West Branch was barely a year-old settlement when Baltimore native Aaron Baker came in 1852. He claimed the free land he had received from the United States government for his service in the Mexican War. Baker promptly sold all 160 acres of it for about a dollar apiece.
By the time John Wetherell purchased five acres in 1869, the price of land had risen considerably. The new real estate developer set about subdividing his property into town lots, and also decided to name a nearby street after himself. The four historic homes on Poplar Street today, the E.S. Hayhurst, Mary Wright, James Staples, and David Mackey houses are the same that stood there when Herbert Hoover was a child.
West Branch boomed between 1869 and 1873. New buildings constructed in the neighborhood near the Hoovers’ small cottage on Downey Street included the Laban Miles House, the Amanda Garvin House, and the Methodist Church, which is no longer standing. When the Burlington, Cedar Rapids & Northern Railroad arrived in West Branch on December 20, 1870, two hundred of the town’s residents celebrated with a picnic dinner.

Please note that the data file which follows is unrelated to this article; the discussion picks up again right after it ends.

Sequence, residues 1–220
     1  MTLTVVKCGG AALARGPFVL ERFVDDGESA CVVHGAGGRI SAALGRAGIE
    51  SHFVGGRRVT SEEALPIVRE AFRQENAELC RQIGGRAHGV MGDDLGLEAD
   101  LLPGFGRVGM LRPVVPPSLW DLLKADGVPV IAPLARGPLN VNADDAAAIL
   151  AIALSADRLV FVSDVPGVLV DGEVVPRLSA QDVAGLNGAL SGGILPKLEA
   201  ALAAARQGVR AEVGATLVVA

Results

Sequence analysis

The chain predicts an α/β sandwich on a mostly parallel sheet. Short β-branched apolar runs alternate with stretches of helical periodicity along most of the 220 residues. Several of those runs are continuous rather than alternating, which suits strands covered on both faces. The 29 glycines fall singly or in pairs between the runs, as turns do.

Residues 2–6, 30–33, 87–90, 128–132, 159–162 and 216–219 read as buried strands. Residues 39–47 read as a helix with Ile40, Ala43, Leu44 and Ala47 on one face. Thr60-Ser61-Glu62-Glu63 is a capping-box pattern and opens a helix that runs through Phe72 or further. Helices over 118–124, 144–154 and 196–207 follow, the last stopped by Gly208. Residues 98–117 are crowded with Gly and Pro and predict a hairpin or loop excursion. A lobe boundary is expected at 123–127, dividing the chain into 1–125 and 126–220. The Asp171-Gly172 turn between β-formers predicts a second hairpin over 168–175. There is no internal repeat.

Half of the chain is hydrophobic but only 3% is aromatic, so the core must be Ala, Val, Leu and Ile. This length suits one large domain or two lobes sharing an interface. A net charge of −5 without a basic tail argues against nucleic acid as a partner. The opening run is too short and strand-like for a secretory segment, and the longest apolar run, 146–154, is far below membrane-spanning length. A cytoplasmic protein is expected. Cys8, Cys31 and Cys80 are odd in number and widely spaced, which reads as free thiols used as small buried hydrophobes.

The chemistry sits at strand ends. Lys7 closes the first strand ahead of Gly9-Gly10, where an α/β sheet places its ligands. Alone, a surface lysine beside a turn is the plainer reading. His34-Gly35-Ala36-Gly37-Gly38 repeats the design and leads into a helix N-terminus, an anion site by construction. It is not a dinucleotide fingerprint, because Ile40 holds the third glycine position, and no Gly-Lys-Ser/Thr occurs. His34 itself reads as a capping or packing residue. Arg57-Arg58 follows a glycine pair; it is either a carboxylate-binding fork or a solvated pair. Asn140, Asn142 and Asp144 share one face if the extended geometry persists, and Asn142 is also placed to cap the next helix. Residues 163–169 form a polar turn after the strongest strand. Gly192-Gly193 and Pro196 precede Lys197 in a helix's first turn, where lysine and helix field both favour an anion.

When Herbert Hoover was born in 1874, West Branch was beginning a long period of growth and general prosperity that lasted through the early part of the 20th century. Commercial downtown buildings from that time remain and are part of the West Branch Commercial Historic District.
Farther up Downey Street to the south were the P.T. Smith and Hannah Varney houses. Those homes, and others, were neighbors to the Hoovers in their second home, the "House of the Maples," which no longer stands.